The KP's program line can be configured through the menu (capture menu page 1) so that it matches your intended shooting style.  The program line selected affects which aperture and/or shutter speed the camera selects in the fully automatic (P, Sv) exposure modes. The following options are available:

  • Auto: The camera selects what would be optimal based on some unpublished criteria

  • Standard: All-around, middle-of-the-road mode

  • High-Speed Priority: Sets the shutter speed as fast as reasonable possible for action photography

  • DOF priority (deep): Intended for landscape photography. Sets a small aperture so as to maximize the depth of field (objects from near to far are rendered sharp)

  • DOF priority (shallow): Intended for portraits and for when you want to isolate a subject from the background. Opens up the aperture to create a shallow depth of field

  • MTF (with FA lenses and newer). When possible given the light and lens in use, the MTF program sets the aperture to or near the F-stop where the lens has the highest resolution. The MTF program line is a Pentax invention back from the film days and it is still unique to Pentax


Setting the Program Line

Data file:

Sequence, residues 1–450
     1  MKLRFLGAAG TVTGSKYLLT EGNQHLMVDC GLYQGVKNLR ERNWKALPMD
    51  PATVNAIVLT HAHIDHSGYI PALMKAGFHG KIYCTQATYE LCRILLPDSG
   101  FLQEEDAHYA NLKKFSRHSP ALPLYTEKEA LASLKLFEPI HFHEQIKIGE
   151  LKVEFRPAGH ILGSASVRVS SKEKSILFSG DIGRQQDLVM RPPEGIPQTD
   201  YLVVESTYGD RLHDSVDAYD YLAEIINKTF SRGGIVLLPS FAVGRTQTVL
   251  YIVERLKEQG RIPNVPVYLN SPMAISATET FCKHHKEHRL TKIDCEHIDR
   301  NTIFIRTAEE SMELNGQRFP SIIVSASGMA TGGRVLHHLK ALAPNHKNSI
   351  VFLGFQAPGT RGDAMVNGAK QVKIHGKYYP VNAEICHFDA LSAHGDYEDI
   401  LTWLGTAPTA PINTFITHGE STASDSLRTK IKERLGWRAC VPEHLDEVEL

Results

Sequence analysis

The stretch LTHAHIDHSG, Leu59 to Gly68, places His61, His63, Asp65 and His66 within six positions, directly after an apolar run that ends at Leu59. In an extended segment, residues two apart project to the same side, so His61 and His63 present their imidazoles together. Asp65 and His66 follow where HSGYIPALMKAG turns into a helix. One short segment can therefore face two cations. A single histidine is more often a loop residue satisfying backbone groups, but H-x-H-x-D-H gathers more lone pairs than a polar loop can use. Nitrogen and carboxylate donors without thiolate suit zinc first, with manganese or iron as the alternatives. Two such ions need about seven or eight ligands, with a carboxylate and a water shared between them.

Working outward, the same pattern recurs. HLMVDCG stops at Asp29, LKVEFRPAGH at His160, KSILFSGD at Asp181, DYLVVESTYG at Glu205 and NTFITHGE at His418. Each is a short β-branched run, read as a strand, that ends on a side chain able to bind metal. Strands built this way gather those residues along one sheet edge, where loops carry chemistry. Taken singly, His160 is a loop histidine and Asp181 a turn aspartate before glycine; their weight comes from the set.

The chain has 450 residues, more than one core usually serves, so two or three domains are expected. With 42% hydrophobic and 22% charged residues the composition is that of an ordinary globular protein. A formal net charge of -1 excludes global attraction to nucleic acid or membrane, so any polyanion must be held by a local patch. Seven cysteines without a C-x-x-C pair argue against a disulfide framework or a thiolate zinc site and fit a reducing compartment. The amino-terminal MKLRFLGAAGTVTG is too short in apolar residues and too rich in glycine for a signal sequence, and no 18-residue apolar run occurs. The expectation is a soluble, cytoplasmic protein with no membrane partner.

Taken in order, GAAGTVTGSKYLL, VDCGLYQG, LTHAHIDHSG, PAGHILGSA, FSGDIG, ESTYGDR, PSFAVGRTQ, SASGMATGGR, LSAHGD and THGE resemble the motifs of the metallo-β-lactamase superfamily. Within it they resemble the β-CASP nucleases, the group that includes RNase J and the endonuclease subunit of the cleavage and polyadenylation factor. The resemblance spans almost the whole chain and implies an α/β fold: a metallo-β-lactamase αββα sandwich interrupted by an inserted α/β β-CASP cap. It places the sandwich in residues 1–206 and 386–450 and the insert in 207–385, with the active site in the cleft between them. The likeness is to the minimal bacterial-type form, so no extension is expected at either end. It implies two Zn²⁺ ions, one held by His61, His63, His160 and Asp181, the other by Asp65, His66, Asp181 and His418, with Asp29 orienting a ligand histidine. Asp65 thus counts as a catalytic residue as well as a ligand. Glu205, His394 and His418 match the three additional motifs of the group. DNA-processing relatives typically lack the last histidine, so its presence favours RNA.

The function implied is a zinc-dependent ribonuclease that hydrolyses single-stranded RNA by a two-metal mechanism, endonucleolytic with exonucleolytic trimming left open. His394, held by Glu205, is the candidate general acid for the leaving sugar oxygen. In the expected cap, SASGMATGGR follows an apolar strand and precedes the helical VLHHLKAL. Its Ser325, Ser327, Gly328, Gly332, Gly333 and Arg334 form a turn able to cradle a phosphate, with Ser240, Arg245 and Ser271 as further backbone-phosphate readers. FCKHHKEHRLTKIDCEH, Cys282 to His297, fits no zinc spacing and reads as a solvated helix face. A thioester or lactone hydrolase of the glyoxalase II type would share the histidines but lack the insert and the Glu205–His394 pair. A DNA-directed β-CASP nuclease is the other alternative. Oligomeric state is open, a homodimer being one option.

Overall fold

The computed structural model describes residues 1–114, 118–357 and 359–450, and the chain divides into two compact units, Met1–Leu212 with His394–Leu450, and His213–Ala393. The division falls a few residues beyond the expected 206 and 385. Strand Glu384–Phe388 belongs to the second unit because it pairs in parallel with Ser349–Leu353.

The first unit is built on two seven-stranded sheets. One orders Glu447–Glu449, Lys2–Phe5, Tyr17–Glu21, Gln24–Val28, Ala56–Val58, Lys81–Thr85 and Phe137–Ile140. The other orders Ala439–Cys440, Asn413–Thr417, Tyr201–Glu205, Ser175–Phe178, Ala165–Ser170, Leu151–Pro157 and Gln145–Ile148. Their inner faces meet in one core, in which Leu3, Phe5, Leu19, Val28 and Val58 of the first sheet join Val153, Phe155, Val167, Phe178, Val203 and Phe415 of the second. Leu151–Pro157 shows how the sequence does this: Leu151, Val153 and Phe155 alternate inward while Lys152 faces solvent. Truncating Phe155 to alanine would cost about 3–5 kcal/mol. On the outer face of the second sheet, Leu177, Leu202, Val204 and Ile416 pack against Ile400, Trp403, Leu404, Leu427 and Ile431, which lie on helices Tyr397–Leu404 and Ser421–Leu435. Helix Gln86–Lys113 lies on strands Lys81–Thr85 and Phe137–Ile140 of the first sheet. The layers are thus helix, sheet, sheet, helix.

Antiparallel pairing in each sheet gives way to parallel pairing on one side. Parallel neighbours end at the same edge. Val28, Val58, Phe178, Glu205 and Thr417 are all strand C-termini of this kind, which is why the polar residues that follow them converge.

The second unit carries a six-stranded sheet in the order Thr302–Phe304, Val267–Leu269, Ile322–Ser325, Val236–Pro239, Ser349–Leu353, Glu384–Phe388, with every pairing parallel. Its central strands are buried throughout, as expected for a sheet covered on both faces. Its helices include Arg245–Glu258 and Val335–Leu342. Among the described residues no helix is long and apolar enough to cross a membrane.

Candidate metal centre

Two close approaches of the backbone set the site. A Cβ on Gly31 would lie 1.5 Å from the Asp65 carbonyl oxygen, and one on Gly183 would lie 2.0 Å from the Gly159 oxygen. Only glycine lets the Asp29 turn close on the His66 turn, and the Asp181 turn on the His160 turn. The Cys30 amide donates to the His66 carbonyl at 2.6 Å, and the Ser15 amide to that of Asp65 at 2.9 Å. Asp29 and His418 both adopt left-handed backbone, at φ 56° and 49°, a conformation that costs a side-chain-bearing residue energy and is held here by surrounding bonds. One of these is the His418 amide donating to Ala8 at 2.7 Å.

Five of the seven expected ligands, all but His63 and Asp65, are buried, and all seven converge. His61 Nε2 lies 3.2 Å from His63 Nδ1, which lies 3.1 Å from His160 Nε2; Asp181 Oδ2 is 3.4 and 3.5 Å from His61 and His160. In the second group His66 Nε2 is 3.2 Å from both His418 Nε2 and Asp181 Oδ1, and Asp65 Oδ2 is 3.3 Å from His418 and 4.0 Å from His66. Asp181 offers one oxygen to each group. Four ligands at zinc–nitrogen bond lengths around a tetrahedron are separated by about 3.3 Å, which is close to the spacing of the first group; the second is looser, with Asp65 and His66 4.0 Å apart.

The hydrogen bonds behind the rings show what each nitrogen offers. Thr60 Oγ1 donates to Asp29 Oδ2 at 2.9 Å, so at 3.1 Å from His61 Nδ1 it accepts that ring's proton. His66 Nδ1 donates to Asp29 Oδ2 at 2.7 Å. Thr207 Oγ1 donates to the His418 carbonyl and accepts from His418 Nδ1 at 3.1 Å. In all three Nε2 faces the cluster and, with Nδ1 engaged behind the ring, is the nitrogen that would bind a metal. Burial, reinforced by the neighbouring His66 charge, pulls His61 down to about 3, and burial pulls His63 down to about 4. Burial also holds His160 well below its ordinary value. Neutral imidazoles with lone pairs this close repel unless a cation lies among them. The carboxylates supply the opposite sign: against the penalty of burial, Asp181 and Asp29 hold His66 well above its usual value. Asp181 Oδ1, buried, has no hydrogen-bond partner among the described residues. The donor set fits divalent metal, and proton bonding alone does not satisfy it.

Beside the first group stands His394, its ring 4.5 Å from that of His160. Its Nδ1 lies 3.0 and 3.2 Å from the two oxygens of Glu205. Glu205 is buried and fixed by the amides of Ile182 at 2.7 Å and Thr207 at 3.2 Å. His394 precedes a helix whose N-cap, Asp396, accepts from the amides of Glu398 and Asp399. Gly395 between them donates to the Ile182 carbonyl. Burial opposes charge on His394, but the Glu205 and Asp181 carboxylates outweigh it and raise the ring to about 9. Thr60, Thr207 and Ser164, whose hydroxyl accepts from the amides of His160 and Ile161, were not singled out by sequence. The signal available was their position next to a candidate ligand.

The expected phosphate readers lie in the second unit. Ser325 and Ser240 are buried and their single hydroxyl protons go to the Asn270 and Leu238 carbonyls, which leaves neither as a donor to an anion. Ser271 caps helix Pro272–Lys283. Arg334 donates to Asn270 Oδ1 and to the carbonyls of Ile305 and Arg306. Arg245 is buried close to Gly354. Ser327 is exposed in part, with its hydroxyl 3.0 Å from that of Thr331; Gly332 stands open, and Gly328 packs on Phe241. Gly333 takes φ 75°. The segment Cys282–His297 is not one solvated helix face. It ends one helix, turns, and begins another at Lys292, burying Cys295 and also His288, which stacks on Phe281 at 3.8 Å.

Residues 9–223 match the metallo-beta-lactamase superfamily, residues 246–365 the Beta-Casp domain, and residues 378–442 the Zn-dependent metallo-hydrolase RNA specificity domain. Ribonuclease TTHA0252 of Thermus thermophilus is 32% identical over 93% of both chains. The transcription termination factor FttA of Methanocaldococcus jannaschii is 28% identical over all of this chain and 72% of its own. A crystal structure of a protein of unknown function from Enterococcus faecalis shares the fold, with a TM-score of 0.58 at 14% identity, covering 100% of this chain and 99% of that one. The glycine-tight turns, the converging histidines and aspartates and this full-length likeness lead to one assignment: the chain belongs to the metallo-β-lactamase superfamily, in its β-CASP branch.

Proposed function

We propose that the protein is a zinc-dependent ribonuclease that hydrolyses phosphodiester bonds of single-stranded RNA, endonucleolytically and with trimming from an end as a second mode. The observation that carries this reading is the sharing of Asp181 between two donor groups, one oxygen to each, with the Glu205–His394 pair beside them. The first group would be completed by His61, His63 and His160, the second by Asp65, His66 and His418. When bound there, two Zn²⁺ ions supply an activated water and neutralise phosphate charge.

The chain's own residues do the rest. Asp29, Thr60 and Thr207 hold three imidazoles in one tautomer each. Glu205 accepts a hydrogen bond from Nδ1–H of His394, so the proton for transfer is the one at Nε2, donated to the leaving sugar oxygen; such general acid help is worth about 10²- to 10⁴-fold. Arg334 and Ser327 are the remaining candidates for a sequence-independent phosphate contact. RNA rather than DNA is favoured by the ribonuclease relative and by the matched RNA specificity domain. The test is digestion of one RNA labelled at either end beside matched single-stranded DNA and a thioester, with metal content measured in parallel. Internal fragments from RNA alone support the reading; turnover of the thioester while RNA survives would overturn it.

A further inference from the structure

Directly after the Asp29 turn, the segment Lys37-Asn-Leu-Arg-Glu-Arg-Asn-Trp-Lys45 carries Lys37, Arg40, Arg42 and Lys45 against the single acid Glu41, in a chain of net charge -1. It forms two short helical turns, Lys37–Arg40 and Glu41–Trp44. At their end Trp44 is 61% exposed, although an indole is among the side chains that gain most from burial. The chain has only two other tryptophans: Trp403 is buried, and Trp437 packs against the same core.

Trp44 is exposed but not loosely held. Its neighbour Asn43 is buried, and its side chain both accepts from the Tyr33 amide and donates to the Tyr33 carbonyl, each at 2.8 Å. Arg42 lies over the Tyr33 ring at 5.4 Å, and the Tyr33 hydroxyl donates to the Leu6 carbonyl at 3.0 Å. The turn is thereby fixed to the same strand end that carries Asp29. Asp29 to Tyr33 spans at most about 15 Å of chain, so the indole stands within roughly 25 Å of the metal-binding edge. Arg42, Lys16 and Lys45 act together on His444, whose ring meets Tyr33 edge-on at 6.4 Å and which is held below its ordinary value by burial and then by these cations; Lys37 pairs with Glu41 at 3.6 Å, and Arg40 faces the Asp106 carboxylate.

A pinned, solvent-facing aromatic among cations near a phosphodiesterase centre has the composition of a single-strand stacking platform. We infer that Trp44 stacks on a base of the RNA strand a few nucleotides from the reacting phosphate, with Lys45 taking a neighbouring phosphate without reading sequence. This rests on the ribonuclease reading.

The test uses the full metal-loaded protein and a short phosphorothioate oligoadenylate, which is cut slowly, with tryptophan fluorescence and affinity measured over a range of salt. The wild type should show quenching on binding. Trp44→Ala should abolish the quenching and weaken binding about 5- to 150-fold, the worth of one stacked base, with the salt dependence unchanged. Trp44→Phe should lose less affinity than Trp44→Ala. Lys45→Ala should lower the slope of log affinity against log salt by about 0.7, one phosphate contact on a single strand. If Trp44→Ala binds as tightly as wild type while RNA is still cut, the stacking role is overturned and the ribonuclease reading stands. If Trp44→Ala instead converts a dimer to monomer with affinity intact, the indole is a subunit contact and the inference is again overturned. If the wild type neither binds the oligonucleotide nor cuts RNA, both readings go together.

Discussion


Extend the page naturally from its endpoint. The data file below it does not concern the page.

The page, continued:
The different program lines may be a help to some and it is therefore nice to see the many options provided. Seasoned shooters will probably want to take charge of the exposure and use one of the semi-automatic exposure modes (Tv, Av, TAv), or manual exposure mode (M) in which case the setting of the program line becomes of less interest.

The exposure in the P automatic mode and in some of the semi-automatic modes (Av, Tv) is also affected by auto ISO, if set. Auto ISO has its own program line of sorts, refer below.

Comments on Manual Exposure Mode

Setting of the shutter speed and aperture is assisted by an easy to read exposure bar calibrated in on-third or half stops (customizable). The exposure meter bar is displayed in the viewfinder and on the status screen on the rear monitor (this screen can be turned off if you find it distracting). The scale can also be shown on the live view screen.